This is not a joke nor a painting but a real telephone receiver made by Salvador Dali (1904-1989) in the form of a lobster in 1936. In the early 1930s, Dalí promoted the idea of the Surrealist object, of which this is a classic example. The Surrealists valued the mysterious and provocative effect of such unexpected conjunctions. Dalí, in particular, believed that his objects could reveal the secret desires of the unconscious. Lobsters and telephones had strong sexual connotations for him, and he drew a close analogy between food and sex. He made this Lobster Telephone for Edward James, the British collector who was the most active patron of Surrealist artists in the 1930s, notably of Salvador Dali.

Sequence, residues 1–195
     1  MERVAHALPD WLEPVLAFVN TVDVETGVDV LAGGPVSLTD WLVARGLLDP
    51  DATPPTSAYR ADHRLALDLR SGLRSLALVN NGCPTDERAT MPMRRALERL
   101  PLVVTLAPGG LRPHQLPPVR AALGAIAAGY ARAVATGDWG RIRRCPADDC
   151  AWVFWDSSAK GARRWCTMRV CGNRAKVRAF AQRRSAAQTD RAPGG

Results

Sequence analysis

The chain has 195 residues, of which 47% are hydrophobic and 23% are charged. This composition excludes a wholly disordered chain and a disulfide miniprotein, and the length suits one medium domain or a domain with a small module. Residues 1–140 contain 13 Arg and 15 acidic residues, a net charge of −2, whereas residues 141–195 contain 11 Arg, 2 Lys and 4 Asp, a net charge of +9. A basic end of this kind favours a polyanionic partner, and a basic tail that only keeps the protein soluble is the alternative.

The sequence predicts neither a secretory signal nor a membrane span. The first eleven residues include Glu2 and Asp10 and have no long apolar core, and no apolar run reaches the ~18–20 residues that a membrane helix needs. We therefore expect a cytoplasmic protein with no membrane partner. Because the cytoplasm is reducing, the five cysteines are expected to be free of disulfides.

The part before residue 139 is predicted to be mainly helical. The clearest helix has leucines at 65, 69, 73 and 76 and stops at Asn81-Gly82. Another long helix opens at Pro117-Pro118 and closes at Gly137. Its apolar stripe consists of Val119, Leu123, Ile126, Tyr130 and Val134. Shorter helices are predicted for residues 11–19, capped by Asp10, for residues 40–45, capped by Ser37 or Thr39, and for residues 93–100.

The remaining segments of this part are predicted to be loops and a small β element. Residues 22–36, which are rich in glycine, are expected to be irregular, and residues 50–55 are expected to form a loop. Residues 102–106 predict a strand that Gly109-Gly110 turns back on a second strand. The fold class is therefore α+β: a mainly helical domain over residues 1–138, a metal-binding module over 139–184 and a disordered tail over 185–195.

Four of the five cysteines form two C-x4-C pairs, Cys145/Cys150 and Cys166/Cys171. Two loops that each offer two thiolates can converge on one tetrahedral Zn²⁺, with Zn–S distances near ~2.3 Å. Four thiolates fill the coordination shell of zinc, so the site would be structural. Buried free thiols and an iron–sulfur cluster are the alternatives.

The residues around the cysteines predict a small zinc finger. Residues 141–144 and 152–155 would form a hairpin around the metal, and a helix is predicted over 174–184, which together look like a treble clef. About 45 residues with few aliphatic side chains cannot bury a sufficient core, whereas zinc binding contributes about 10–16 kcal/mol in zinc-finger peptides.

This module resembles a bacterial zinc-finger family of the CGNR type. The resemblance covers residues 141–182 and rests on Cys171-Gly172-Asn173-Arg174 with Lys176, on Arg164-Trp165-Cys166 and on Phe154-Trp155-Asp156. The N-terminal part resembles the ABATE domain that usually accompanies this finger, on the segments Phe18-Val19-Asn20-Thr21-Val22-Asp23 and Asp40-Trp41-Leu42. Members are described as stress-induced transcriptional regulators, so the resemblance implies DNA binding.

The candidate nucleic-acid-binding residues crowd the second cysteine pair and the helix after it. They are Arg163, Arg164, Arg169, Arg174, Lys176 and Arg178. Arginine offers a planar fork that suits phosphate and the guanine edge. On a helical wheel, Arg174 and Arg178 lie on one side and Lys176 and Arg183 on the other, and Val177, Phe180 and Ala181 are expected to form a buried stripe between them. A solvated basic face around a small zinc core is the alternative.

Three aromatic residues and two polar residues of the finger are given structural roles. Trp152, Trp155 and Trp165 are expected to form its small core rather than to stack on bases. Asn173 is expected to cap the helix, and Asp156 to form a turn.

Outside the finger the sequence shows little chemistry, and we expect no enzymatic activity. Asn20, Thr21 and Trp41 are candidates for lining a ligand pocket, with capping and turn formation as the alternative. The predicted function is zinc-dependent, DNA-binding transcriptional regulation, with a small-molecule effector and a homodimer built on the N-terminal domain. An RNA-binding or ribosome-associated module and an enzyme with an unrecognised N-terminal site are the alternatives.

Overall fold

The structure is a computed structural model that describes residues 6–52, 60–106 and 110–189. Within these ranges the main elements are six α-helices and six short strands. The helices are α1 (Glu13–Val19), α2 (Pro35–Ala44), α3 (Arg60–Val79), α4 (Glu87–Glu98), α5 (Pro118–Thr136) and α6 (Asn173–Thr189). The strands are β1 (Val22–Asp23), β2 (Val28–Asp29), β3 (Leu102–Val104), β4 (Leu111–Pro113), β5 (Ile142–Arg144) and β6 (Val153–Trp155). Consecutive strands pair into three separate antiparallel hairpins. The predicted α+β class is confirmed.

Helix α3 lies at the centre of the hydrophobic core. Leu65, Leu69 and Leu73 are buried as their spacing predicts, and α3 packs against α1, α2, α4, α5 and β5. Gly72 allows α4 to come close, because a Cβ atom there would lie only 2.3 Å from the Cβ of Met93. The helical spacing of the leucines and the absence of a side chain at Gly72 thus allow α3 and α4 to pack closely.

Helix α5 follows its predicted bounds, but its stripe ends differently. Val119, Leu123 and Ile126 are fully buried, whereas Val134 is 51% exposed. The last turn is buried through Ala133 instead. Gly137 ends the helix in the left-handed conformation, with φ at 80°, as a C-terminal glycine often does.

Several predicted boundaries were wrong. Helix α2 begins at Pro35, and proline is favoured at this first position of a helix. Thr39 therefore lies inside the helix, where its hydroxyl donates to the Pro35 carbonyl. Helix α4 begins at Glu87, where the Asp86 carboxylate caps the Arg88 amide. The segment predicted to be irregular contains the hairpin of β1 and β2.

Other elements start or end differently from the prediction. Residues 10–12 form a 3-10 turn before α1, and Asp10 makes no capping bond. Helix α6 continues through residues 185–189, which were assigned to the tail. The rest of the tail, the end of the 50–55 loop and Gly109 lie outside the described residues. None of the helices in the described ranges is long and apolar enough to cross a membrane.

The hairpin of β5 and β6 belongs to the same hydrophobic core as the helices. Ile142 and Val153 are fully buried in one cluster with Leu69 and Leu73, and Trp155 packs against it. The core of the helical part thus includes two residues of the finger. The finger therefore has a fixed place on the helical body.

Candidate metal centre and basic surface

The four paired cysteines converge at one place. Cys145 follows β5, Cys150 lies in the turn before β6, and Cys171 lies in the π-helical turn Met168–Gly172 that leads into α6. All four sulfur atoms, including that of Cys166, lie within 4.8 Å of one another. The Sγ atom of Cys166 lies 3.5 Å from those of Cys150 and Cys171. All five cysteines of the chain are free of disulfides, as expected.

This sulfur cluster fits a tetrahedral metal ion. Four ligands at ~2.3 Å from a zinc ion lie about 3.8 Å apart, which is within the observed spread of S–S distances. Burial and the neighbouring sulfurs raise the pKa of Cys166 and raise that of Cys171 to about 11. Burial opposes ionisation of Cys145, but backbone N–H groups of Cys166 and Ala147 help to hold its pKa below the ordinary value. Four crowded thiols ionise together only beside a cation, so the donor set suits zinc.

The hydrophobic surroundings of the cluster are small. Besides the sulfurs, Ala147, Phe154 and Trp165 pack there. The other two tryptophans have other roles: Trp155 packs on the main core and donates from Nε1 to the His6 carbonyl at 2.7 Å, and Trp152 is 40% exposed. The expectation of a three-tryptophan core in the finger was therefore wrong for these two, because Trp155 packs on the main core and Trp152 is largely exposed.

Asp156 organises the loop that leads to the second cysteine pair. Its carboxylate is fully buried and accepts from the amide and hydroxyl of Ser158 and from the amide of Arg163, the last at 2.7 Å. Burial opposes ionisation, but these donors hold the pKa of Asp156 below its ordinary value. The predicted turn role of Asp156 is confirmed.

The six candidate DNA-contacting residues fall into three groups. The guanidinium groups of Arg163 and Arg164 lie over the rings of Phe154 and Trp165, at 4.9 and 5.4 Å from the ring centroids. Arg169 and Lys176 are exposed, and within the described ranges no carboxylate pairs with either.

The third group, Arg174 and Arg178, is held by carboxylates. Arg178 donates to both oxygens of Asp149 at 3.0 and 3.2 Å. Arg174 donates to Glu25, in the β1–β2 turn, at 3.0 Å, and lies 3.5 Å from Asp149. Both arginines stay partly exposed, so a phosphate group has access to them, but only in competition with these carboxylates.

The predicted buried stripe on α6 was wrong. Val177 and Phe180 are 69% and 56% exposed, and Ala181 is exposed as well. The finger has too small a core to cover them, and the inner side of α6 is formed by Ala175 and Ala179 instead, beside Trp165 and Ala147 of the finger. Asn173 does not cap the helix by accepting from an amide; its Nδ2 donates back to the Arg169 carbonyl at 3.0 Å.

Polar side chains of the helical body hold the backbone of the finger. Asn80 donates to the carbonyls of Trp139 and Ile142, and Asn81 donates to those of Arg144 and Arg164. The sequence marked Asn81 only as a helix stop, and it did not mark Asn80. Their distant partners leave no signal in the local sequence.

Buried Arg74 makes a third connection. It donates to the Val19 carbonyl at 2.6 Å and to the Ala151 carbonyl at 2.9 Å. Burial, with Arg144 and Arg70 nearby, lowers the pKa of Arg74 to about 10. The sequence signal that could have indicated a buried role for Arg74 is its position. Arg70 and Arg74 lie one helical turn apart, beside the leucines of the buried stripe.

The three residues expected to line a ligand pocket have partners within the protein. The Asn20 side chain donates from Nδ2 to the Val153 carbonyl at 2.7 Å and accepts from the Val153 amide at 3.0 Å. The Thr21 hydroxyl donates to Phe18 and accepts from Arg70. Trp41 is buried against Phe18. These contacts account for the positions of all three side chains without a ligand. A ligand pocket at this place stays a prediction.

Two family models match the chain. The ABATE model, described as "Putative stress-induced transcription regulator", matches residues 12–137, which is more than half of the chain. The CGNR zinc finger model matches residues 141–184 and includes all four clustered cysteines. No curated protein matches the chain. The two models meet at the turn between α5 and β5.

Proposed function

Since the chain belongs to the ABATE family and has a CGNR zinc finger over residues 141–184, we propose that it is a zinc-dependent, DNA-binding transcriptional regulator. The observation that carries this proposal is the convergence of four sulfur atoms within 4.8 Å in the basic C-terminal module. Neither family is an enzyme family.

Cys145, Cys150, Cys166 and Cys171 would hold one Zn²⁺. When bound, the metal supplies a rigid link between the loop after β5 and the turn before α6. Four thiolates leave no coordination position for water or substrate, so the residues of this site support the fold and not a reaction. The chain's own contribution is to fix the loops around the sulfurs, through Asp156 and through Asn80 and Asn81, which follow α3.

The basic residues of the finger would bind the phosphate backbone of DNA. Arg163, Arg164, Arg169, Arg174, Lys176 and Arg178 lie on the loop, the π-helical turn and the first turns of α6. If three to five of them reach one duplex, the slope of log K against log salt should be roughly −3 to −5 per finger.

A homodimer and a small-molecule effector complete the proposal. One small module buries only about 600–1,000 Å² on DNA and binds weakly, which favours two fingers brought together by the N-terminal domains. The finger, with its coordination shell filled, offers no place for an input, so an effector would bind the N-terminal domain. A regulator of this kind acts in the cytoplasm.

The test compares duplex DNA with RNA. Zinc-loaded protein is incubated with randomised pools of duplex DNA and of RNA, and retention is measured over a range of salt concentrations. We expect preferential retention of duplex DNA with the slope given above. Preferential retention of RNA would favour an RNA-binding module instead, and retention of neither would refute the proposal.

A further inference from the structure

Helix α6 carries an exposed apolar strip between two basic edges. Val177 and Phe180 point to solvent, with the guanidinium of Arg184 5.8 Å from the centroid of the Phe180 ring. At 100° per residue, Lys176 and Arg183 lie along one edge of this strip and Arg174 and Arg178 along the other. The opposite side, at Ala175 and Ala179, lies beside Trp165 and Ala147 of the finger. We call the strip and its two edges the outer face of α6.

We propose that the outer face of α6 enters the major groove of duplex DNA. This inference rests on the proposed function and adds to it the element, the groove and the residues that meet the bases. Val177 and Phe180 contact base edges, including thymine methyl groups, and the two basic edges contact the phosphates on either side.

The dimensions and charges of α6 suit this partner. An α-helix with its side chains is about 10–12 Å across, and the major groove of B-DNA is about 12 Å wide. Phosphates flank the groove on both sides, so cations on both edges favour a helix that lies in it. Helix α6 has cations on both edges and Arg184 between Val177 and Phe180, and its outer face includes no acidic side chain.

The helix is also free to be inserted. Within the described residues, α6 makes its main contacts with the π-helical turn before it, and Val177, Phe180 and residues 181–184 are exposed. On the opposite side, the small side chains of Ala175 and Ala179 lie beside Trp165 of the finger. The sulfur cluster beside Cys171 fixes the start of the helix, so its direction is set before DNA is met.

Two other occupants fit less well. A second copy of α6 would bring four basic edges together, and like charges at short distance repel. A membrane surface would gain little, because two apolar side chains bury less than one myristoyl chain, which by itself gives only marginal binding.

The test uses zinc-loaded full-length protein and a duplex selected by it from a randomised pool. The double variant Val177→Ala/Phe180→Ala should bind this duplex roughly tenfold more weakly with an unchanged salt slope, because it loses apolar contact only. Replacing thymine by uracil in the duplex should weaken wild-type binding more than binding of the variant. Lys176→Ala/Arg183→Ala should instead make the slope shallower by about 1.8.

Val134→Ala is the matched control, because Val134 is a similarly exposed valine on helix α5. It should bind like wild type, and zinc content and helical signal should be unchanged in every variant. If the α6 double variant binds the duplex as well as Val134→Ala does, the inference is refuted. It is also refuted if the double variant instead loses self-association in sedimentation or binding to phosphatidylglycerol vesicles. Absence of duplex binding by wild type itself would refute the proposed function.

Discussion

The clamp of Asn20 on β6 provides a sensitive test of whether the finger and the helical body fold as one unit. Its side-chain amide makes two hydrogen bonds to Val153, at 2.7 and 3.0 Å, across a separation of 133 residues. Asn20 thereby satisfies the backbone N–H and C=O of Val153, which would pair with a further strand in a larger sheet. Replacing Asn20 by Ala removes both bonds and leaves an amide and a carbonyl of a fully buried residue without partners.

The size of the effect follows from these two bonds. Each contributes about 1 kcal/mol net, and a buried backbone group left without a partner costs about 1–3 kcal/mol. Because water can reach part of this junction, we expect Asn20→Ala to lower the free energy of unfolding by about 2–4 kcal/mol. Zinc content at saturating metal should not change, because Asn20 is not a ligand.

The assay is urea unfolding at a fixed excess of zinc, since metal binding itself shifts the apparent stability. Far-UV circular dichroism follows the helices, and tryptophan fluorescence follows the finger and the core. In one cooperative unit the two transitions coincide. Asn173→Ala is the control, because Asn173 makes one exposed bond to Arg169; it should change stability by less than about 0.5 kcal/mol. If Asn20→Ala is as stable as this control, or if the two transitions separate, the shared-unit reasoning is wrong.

In 1981 the Tate Gallery Liverpool bought it for £ 19,000 ($42,940). Prior to the sale, in the 40s, this curious phone was at the house of Edward James in London where he used to host lots of artists or their relatives. At the beginning of the war, Elsa Schiaparelli's niece, Bianca, was staying at James' s house but the Italian designer warned James that she was a spy. When Italy declared war on Britain, the police came to the house and saw Bianca talking to a friend with this telephone. At the end of the conversation, she hung up saying "good bye, darling." They were so convinced that they had encountered a mad woman talking to a lobster that they left without questioning her."